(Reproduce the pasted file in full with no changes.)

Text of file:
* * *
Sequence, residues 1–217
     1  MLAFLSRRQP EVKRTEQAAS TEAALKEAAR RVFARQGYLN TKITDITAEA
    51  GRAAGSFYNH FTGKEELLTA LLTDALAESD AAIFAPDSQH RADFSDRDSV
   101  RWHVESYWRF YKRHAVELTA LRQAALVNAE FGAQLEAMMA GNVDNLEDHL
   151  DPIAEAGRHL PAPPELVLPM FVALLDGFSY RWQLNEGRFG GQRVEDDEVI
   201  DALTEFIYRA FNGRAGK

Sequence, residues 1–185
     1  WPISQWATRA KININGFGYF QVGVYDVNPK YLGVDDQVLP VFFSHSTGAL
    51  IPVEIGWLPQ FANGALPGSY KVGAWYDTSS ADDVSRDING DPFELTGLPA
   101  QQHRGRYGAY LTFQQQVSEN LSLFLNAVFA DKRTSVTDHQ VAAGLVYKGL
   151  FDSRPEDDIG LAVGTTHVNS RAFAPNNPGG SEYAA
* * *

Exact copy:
Sequence, residues 1–217
     1  MLAFLSRRQP EVKRTEQAAS TEAALKEAAR RVFARQGYLN TKITDITAEA
    51  GRAAGSFYNH FTGKEELLTA LLTDALAESD AAIFAPDSQH RADFSDRDSV
   101  RWHVESYWRF YKRHAVELTA LRQAALVNAE FGAQLEAMMA GNVDNLEDHL
   151  DPIAEAGRHL PAPPELVLPM FVALLDGFSY RWQLNEGRFG GQRVEDDEVI
   201  DALTEFIYRA FNGRAGK

Sequence, residues 1–185
     1  WPISQWATRA KININGFGYF QVGVYDVNPK YLGVDDQVLP VFFSHSTGAL
    51  IPVEIGWLPQ FANGALPGSY KVGAWYDTSS ADDVSRDING DPFELTGLPA
   101  QQHRGRYGAY LTFQQQVSEN LSLFLNAVFA DKRTSVTDHQ VAAGLVYKGL
   151  FDSRPEDDIG LAVGTTHVNS RAFAPNNPGG SEYAA